Today, on May 15, we highlight the story of parents Josh and Kelsey and what their adoption and their post-adoption follow-through has meant to so many: their children’s first caregivers, Thai government officials, and the many families waiting for their own children to come home. For those adoptive families that don’t understand the importance of the seeming red-tape of post-adoption reporting, we encourage them to comply with their child’s birth country requirements and help organizations like WACAP continue to do the hard work of finding families for waiting kids.
We want to introduce you to a family who helps tell the story of why post-adoption reporting to the country of a child’s origin is so vitally important.
In the fall of 2016, a team from WACAP traveled to Thailand to meet children who were waiting for families. Among the children they met while there were two brothers, ages six and two. The Thai government encouraged the WACAP team to find separate families for these brothers, as there was concern by officials that a single family would be hesitant to “take on” multiple kids of these ages, considering the children’s trauma history. The WACAP team members requested that the Thai government allow them to try to find one family for the brothers. Sharing stories of families who’ve committed to adopting siblings, staff assured the Thai officials they could find a family for both children. Hearing about how they had done so in the past, the Thai officials agreed.
It took 6 days for WACAP to identify a family for these boys.
Meet Josh and Kelsey. This couple welcomed Graham Kongkiat and Ike Nuttarit home in 2016.
The family shared their adoption journey and trip to Thailand in this emotional and heartwarming video.
Our reporter caught up with the family just last week to see how it was going and asked a few questions about how the post-adoption reporting experience has been for them.
WACAP: Josh and Kelsey, why was it important to you to write your post-adoption report?
Josh and Kelsey: It is important for us to write our post-adoption reports for many reasons. For one, our boys were so very loved and cared for in the orphanage of their birth country. It may not have been the type of love and care a Mommy, Daddy, and family could have given, but nevertheless, they cared for our children for 7 years and we owe it to them to have detailed reports and pictures. They deserve to know what bright futures the boys have ahead of them and how much they are thriving in the love and security of a family. Not doing post-adoption reports was never even a consideration for us. Secondly, sometimes it feels like we’re not doing anything right as parents, but then we look back at the old post-reports and can see how far they’ve come and how much they’ve thrived in our family.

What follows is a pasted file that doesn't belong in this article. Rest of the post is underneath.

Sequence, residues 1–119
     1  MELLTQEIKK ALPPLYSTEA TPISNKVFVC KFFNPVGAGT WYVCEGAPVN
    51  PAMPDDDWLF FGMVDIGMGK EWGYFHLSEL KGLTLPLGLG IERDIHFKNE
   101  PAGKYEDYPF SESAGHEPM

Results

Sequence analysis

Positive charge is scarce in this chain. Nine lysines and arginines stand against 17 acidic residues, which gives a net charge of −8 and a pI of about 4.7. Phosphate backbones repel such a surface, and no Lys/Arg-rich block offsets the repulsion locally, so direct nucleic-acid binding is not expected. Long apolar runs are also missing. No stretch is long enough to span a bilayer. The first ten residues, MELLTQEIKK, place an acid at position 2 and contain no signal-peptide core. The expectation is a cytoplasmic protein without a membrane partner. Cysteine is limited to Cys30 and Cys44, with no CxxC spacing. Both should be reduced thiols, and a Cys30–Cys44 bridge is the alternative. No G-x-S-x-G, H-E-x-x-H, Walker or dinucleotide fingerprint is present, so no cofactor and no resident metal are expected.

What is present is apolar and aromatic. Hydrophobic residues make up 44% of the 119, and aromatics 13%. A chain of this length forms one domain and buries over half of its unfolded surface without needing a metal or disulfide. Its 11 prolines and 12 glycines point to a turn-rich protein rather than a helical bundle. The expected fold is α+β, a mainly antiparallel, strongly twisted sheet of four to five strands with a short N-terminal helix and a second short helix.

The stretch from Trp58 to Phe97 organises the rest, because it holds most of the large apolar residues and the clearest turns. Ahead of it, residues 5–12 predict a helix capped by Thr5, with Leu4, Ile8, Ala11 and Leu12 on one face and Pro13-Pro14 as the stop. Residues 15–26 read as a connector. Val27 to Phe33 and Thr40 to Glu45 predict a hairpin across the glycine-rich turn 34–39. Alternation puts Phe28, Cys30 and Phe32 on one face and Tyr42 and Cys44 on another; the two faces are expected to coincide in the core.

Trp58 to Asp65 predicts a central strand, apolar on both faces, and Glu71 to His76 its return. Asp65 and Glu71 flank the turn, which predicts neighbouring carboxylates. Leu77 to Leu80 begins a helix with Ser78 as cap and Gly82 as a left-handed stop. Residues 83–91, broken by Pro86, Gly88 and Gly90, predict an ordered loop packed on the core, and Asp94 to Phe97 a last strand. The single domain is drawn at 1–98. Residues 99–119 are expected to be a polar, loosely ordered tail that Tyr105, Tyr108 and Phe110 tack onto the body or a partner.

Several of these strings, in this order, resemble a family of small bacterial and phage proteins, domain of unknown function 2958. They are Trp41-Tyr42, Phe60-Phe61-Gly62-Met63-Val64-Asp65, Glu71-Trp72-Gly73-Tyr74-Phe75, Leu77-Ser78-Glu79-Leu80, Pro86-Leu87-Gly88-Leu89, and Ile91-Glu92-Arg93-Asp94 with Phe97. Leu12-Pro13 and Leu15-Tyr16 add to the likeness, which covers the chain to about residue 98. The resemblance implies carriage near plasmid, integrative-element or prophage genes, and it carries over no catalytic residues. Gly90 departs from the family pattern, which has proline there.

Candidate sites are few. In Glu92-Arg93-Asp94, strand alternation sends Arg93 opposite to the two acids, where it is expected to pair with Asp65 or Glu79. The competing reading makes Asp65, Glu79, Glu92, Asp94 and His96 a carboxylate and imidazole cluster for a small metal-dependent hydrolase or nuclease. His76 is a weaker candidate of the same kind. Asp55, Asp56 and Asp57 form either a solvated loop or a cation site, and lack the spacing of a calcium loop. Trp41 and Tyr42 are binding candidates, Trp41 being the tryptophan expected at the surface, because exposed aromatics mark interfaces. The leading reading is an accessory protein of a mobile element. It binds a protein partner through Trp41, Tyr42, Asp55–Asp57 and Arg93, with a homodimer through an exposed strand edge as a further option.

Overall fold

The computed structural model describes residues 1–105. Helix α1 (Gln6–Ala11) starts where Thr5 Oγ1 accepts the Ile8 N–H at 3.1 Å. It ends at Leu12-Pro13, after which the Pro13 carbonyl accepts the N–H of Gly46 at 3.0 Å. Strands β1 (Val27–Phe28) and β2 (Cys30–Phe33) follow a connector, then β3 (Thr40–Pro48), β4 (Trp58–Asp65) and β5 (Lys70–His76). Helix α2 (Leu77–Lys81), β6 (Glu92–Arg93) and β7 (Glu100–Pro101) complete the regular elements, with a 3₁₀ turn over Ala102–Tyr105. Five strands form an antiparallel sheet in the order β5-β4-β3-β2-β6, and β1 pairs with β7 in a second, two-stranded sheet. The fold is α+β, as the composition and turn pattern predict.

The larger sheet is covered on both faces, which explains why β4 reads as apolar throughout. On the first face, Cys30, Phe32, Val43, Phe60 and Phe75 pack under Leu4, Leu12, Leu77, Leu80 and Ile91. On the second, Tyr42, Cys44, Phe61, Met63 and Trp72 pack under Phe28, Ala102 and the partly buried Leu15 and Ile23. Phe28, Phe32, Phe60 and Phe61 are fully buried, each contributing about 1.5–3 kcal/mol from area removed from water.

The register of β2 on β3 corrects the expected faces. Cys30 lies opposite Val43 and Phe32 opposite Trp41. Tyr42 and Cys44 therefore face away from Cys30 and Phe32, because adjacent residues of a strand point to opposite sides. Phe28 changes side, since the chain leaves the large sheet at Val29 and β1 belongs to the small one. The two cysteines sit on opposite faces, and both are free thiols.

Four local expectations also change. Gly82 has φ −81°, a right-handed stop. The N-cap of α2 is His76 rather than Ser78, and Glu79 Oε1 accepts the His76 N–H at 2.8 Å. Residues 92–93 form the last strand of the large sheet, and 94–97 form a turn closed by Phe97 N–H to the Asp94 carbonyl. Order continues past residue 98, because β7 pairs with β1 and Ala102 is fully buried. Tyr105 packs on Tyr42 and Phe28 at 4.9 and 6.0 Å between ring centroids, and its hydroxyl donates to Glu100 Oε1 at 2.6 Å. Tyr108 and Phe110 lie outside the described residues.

WACAP: Did you realize the important role these reports play in intercountry adoptions?
Josh and Kelsey: We didn’t realize how important these post-adoptions reports were until we actually traveled to bring our boys home. Seeing the boys with their care-givers at the orphanage made it clear to us that they desperately wanted to keep a line of communication with us after we brought the boys to the US. They mentioned several times, “Don’t forget to send us pictures,” and “We can’t wait to hear how they are doing.” It made us realize that these post-adoption reports were not assigned as a threat to challenge our parenting abilities or a nuisance we just “have to get through.” These reports play an active role in the lives of the caregivers of our children. The country might know us on paper, but they only met us in-person for two weeks… and now have entrusted their children to us. If we were birth parents in the United States, and placed our children for inter-country adoption, we would plead for the same courtesy. We would want to know if our children are being cared for.
WACAP: What message do you have for adoptive families who might be too busy after their kids come home to do the post-adoption reporting?